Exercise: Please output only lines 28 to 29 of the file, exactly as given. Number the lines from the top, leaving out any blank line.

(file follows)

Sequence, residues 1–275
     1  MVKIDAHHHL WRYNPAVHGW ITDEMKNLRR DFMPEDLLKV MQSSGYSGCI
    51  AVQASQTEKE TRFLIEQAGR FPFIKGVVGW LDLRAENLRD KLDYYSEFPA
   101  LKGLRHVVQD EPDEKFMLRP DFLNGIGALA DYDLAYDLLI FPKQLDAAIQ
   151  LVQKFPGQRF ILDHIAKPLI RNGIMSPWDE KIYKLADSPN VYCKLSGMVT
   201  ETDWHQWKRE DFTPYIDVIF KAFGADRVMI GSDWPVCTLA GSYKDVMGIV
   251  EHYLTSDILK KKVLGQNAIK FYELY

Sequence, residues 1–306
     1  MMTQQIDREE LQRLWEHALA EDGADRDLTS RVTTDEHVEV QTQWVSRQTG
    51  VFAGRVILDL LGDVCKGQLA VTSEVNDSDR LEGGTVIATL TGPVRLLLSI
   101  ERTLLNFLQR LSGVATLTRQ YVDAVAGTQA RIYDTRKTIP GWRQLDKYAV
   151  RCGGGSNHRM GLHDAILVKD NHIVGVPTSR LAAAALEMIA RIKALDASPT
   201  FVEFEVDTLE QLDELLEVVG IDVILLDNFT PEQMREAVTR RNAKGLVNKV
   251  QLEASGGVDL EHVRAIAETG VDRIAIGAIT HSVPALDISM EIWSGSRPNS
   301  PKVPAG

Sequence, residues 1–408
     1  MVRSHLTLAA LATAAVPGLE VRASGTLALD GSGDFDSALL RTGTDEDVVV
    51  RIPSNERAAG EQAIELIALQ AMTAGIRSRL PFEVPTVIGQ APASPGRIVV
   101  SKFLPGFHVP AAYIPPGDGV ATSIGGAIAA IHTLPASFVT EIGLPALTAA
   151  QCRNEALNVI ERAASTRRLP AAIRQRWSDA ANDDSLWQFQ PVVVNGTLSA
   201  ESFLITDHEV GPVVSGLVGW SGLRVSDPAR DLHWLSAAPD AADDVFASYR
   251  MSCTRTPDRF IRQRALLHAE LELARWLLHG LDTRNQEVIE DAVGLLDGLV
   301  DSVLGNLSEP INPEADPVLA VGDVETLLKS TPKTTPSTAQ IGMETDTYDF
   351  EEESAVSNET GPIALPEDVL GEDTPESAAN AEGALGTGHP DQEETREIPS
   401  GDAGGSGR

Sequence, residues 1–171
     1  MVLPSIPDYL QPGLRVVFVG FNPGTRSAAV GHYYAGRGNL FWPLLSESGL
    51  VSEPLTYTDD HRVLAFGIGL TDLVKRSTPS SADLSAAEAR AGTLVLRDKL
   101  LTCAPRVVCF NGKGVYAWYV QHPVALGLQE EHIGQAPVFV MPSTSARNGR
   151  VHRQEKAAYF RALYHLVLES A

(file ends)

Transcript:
    51  VSEPLTYTDD HRVLAFGIGL TDLVKRSTPS SADLSAAEAR AGTLVLRDKL
   101  LTCAPRVVCF NGKGVYAWYV QHPVALGLQE EHIGQAPVFV MPSTSARNGR